Judge Puts Hold On Ruling That Would Have Ended Ban On Evictions The judge acknowledged the struggle landlords are facing with renters unable to pay because of the pandemic. But she said protecting the public outweighs financial losses while her ruling is appealed.


Judge Puts Hold On Ruling That Would Have Ended Ban On Evictions

A federal judge recently moved to end a nationwide eviction moratorium put into place by the Centers for Disease Control and Prevention because of the coronavirus outbreak. But Friday, with nearly 7 million households still behind on rent, the same judge has put a hold on her order.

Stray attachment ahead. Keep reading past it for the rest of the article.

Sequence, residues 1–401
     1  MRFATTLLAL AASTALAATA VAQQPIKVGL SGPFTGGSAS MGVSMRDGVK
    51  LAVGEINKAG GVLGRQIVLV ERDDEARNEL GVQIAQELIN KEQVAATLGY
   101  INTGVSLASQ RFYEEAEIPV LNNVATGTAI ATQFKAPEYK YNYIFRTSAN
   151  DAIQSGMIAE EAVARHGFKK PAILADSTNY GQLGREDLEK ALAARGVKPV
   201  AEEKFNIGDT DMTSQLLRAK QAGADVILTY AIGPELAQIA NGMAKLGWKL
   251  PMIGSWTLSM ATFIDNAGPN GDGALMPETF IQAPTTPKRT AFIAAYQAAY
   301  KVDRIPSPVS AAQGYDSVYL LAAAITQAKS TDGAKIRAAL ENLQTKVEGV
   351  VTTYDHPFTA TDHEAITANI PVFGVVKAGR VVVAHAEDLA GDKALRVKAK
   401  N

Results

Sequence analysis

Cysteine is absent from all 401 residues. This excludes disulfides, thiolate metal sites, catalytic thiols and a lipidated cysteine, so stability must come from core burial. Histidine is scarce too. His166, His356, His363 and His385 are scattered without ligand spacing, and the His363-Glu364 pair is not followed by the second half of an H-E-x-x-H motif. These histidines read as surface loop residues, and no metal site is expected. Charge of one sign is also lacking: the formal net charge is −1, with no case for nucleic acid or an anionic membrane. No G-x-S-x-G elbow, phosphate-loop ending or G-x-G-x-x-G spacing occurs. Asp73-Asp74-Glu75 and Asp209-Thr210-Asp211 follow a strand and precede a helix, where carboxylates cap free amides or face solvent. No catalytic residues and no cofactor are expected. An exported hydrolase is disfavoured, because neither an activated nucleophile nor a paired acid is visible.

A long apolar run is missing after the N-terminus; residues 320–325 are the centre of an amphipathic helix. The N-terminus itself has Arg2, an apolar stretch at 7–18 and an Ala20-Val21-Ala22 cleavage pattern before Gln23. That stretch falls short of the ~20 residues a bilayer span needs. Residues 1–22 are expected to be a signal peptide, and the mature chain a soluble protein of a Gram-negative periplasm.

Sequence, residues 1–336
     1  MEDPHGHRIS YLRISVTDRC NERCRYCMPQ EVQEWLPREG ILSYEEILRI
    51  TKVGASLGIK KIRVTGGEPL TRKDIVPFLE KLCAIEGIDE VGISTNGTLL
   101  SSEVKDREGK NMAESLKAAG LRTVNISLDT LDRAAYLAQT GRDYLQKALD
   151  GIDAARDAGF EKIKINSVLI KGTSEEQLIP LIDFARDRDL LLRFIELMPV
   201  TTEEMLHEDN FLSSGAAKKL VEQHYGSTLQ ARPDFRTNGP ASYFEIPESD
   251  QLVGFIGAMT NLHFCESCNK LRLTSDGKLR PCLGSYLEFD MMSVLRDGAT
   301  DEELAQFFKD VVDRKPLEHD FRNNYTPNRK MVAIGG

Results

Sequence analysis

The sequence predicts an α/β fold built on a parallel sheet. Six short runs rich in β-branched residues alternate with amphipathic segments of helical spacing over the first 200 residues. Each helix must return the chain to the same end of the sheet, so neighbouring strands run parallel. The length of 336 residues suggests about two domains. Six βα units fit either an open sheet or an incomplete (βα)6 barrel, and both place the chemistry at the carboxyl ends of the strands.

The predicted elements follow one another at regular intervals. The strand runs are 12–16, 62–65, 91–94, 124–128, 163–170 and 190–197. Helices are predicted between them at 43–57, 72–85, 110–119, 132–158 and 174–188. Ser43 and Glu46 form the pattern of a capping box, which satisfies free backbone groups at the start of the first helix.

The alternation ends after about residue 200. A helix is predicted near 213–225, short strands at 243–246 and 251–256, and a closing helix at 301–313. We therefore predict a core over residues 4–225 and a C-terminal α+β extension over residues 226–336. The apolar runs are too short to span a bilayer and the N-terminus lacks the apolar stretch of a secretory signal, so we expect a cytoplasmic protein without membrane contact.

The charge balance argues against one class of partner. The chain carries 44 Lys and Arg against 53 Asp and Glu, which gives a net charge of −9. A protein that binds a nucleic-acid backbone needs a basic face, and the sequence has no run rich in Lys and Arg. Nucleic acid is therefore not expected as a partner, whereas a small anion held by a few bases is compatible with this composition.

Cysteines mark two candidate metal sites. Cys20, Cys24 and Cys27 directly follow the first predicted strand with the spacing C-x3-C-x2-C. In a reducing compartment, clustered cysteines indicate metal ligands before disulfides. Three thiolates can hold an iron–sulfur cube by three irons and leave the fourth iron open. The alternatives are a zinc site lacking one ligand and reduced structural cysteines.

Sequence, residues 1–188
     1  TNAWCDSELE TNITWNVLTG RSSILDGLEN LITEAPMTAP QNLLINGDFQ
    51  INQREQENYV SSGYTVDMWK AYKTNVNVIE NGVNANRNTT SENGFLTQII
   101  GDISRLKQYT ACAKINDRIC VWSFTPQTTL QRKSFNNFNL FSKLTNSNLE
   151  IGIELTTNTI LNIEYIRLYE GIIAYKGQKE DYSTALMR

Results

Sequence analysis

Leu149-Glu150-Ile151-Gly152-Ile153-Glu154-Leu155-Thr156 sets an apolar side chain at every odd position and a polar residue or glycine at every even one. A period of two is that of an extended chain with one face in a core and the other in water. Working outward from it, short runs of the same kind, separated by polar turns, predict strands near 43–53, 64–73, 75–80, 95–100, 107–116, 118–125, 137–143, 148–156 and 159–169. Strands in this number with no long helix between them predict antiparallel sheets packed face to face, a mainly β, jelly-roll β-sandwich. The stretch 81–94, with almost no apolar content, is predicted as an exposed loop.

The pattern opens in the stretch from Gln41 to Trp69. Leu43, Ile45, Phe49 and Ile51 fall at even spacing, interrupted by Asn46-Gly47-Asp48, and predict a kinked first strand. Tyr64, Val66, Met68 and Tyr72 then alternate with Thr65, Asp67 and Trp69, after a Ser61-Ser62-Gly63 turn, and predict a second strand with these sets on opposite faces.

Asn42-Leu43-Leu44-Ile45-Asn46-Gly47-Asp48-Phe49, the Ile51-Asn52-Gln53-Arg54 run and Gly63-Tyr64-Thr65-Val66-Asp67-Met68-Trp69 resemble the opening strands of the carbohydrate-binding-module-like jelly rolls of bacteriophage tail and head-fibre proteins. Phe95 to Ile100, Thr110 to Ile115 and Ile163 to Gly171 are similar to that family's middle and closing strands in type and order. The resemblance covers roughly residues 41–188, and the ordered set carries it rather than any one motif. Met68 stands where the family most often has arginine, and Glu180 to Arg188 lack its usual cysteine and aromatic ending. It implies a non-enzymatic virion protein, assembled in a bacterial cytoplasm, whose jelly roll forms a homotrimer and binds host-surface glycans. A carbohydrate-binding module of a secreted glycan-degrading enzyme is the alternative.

On May 5, U.S. District Judge Dabney L. Friedrich sided with the Alabama Association of Realtors, which argued the CDC doesn't have the authority to prevent landlords from evicting tenants during a pandemic. However, Friedrich is giving the Justice Department time to appeal, and is holding the ban in place in the meantime.

In her stay of the original ruling, she said if the CDC's data-driven moratorium is lifted, "as many as 433,000 cases of COVID-19 and thousands of deaths could be attributed to the lifting of the state-based eviction."

Friedrich acknowledged that landlords continue to struggle with unpaid rent, but said "the magnitude of these additional financial losses is outweighed by the department's weighty interest in protecting the public."